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Music in Mercury Bay – variety, quality, creativity,and strong support.

By Pauline Stewart.

Hula Open Mic brings the musicians and the crowds.

Hula Café sits on Albert Street just a few metres from Buffalo Beach Road. It’s open six days a week for that morning coffee and breakfast and the sunbathes customers on winter mornings. Opening hours extend to brunch and lunch with winter hours being 7.30am to 2.30pm Monday to Saturday. On weekend evenings, Hula offers music and dining in its café restaurant with entertainment in the outdoor semi- enclosed garden area. Live music is a feature at Hula. Gabrielle, who owns Hula along with his partner, ………, is himself a musician in Corrosive Moses, a very popular local band.

Saturday night, 13 May was a clear, cold evening and saw Hula’s garden restaurant and bar packed, with patrons enjoying the open mic entertainment led by Noah………..

Every seat and alternative place to sit was taken. A brazier warmed the front spectators and added a toasty visual experience to everyone’s enjoyment of the music. Sound engineer, Bong … was busy meeting the requirements of each performer. No tension, just relaxed people enjoying their drink, their food, the company and above all, the music.

 

Complimentary similarities to Monkey House.

To The Informer, this had a similar feel to the regular Wednesday night Open Mic evenings at Monkey House in Coghill Street – the setting of course was different being largely outdoor but the level of popularity at Hula was the same as the Monkey House – both venues were packed with a variety of visitors to Whitianga and local music lovers plus local musicians; and as with Monkey House, Hula sent out a clear message conveying that comfortable recognition of the talent and skills so obvious in the musicians and singers, plus an appreciation of their music style -many of the lyrics and tunes original. Hanako Liggins at Wednesday night Open Mic at the Monkey House is assisted by maestro, Stuart Pedley on the guitar, making her fine original vocal presentation, a duo.

 

Music and Lukes Kitchen.

There was a great vibe at Luke’s Kitchen, Kuaotunu on Sunday night, Mother’s Day. A large community chatted around tables and moved to different conversations with a great menu of pizzas, a host of different platters and super service by the staff. Andy Hopping’s singing and instrumental musicianship added lots of heart and joy. Now and again others joined him with vocals – such was the nature of the evening.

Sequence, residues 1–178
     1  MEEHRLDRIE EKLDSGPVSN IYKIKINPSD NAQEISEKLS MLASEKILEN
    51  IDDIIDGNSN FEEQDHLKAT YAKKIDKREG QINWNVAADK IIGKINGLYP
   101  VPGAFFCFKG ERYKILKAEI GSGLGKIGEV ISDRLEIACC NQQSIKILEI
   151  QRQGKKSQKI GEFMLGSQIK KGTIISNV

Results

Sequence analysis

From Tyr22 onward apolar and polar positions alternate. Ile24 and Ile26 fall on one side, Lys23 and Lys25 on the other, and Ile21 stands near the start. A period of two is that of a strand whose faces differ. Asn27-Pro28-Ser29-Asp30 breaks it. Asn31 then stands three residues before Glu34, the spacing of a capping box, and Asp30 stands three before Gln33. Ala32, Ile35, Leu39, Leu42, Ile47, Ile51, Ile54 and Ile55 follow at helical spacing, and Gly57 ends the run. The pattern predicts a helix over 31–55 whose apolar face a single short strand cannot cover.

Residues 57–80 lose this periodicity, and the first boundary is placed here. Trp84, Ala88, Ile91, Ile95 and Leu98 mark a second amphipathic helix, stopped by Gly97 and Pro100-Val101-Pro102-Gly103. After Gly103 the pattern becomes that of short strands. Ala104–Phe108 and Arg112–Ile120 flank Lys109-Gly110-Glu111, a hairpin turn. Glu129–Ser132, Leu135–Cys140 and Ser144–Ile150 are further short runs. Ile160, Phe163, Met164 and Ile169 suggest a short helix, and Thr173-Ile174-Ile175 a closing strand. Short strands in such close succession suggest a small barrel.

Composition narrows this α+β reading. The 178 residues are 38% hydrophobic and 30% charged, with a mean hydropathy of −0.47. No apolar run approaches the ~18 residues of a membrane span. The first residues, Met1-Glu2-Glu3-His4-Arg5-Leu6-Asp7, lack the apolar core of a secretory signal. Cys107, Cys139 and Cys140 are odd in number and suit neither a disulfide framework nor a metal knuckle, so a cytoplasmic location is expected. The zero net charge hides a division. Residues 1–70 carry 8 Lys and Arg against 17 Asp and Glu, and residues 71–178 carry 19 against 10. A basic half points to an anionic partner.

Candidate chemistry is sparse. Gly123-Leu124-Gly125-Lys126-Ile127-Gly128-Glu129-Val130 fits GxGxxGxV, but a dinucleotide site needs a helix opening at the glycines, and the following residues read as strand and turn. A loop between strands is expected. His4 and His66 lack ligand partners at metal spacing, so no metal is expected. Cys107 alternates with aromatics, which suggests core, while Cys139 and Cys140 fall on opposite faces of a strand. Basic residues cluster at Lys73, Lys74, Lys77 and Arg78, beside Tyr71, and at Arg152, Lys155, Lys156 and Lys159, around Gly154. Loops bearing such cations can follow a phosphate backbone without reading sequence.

A young surfer from Raglan touring with his ‘lady’ in their campervan said, “This is terrific, we need to stay here for a few extra days.”

 

Classic music made for a full house. – NZ Trio.

Just as the entertainment at Hula was cranking up on Saturday night, 13 May, another music event, 400 metres away, had just concluded.

New Zealand Trio had come from Auckland to present a very beautiful, experience of classical music to a packed house at St Andrew’s by the Sea from 4.00pm to 6.00pm

NZTrio is New Zealand’s best chamber music ensemble, and one couldn’t erase the thought of how fortunate Mercury Bay was to host this trio locally; Whitianga being a scheduled stop as part of NZ Trio’s national tour to celebrate the trio’s 21st birthday was an accomplishment. The community church’s grand piano is the centrepiece for such a performance. The cello and violin travel wth the chamber music trio but not so a grand piano. NZTrio’s tour programme features the music of past and present masters. The music of Wolfgang Amadeus Mozart’s piano trio in B-flat major from 1876 opened the concert but at the heart of the programme was Johannes Brahms’ remarkable second piano trio. For the middle section of the programme, we were treated to a symphony by New Zealand contemporary composer, Gareth Farr, titled Forbidden Colours written in 2015.

 

A little about the three members of this outstanding, nationally acclaimed trio.

Amalia Hall – Violinist: Concertmaster of Orchestra Wellington, Amalia has widespread acclaim for her ability to move audiences with her “sumptuous and sweet tone” she has natural velvet in her playing. At the age of nine, Amalia made her debut with the Auckland Philharmonia; by the end of her teens, she had won all of the major national awards in New Zealand and has further won multiple laureate prizes at important international competitions. Amalia plays on the “Baron Knoop” Vincenzo Rugeri violin from c. 1700, generously on loan from a private benefactor.

Ashley Brown – Cellist: Ashley is one of New Zealand’s leading soloists, collaborators, chamber musicians and recording artists. He is a founder of NZTrio and a passionate advocate for New Zealand music. His musical curiosity has led him from an Artist Diploma at Yale to a Doctor of Musical Arts exploring the collaborative relationship between composer and performer. Ashley plays the 1762 William Forster ‘Liberte’ cello. Somi Kim -Pianist: South Korean born, New Zealand pianist, Somi Kim, has established herself as one of today’s most versatile and accomplished young pianists. Somi is an Associate of the Royal Academy of Music in London, where she graduated with an Advanced Diploma in Performance and Master of Arts with Distinction. Somi is sought after as a chamber musician, song accompanist and répétiteur. She made her debut with the Auckland Philharmonia Orchestra in 2021 performing the Gershwin Piano Concerto.

The performance and the music of NZ Trio delighted and inspired everyone. Their encore at the end was most generous. One concert goer exclaimed. I couldn’t stop toe tapping. It brought back so many memories. I used to play some of those pieces (a music teacher, no doubt).”

Our thanks to local concert organiser, Sharyn Morcom for her ‘instrumental’ part in enabling Whitianga to be a venue for the NZ Trio to perform.